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MAKING IT PERSONAL: Spotlight on Custom Cars | Commentary

Driving Under the Influence of Chrome and Leopard Skin

July 30, 1998|ASHLEY DUNN | TIMES STAFF WRITER

Every car says a little something about its owner--which is kind of a depressing thought, since most of us drive ho-hum vehicles that are so bland they defy description.

The typical car today is short on pizazz and very long on homogeneity. It is almost impossible to tell a Honda from a Toyota from a Ford from a Yugo, which I suppose is one of the reasons random freeway crime is such a growth industry these days.

I admit I am one of the horde of homogenous people who drive a Honda--a 1989 Honda Prelude four-wheel-steering model that a friend left in my driveway after departing the country. What my Honda says about me is: "I am a practical commuter who is too cheap to get all these dents fixed. This car is not worth hijacking. There is nothing valuable inside. I have no life. I deserve your pity."

It's sad to say, but I'm actually fairly content with this road persona. At least I'm alive and have a very modest insurance bill.

But at the same time, I understand the human need to customize a vehicle. To paraphrase from that great female-bonding movie "Steel Magnolias," which I must have watched by mistake one day, the difference between humans and animals is our ability to accessorize.

With some cars, like a Honda Civic, it is almost imperative that you customize the vehicle or be forever branded as a member of the bland horde. Without a Mugen sticker, all a Civic says about you is, "I don't make enough money to afford a Z3" or the even more demeaning "I'm practical and think that cars are just for transportation."

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The problem with accessorizing arises with that group of drivers for whom being a little different is just not enough. They must boldly trod past tasteful modification into the realm of metal butchery and hideous accessorizing. This is the stupid zone, where the bad taste of the driver is exceeded only by his or her ability to squander loads of money on such items as mud flaps with chrome-plated women or fiberglass airfoils the size of Rhode Island.

Entering the Zone of Stupidity requires tons of money--enough to put your children through Harvard and support several large insurance companies. The resulting vehicle has enough horsepower to launch you into geosynchronous orbit and has the wings to return you to Earth. You must own several fire extinguishers and will eventually get to know some Highway Patrol officers on a first-name basis.

The guiding principle of the Zone of Stupidity is excess--that is, if a certain attribute is considered good, then taking it to the extreme must be best.

Just the other day I was looking at a pickup truck that was so low, it scraped the pavement just going over the cracks in the freeway.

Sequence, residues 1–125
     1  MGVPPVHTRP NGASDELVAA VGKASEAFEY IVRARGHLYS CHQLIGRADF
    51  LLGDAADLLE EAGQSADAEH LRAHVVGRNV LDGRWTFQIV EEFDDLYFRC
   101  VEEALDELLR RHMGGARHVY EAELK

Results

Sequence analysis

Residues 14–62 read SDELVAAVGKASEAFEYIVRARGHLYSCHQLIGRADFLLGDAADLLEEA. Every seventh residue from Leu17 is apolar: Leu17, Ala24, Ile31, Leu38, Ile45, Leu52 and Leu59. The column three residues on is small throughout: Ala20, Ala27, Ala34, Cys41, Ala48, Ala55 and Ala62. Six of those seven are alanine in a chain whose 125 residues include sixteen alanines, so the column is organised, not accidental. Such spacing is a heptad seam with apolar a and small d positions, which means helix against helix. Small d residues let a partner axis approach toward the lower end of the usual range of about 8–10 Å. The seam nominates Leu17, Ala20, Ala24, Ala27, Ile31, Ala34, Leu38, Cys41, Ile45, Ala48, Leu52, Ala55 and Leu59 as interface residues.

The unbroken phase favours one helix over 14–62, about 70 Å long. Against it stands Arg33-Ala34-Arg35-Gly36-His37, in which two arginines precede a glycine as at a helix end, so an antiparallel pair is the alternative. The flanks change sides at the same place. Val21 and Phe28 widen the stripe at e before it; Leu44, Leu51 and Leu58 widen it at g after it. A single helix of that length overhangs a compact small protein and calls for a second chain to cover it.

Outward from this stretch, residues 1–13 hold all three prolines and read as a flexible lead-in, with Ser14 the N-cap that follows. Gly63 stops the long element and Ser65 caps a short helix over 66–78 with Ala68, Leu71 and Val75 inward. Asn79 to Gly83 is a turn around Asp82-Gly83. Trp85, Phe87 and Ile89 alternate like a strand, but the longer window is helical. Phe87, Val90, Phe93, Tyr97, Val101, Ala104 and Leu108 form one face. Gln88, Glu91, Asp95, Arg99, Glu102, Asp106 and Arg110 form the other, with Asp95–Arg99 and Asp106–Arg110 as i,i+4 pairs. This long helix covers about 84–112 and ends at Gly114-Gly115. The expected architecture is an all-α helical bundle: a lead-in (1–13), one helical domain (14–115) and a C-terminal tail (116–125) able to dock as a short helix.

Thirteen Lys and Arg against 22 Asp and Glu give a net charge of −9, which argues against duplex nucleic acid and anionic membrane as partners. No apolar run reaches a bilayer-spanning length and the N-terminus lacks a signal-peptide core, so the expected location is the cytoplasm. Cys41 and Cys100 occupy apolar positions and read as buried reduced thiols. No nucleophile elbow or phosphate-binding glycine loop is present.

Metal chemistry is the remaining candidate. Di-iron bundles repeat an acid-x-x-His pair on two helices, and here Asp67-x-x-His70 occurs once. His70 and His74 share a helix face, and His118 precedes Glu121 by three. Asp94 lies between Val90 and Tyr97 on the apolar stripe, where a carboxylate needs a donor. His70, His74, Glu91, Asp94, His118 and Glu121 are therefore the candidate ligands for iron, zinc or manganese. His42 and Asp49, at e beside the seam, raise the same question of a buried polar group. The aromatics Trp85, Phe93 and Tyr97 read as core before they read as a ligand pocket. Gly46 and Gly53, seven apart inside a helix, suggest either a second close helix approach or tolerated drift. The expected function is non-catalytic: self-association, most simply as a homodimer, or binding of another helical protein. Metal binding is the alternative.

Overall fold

Low is good, but lowest is another way of saying, "I don't mind scraping my engine off the road every now and then."

Another common example is wing disease: If one wing is good, then many must be best.

I own a 1971 Porsche 911T, which I think is a pretty nice-looking car as is. But car magazines are packed with stories about Porsches being turned into monster-winged atrocities that can do Mulholland in a couple of seconds and are somewhat more stable than a Toyota Camry at speeds in excess of 200 mph.

I ask: Does Mona Lisa need a breast enlargement? Should the Eiffel Tower be chromed?

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What is interesting about vehicular excess is that if you persevere in your vision and press past the stupid zone with ever-larger doses of ugly, you eventually will burst through the forest into a transcendent realm where the merely garish will have morphed into the weirdly sublime.

If someone decided to take a perfectly nice 1998 Porsche 911 Carrera and convert it to a 300-horsepower Oscar Mayer Wienermobile, I would have to admit that the vehicle had transcended mere stupidity. The car could no longer be described as one incredibly ugly Porsche but rather as an awesome and powerful high-speed hot dog.

The lesson here is that moderation is key to automotive beauty. If you own a Civic, please feel free to add wings. If you own a 1953 Corvette, touch it and you die. If you own a many-winged Porsche with wheels the size of 55-gallon drums, an engine that could power a helicopter and a body with more fiberglass than my spa . . . may I borrow it this weekend?

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Times staff writer Ashley Dunn can be reached via e-mail at ashley.dunn@latimes.com

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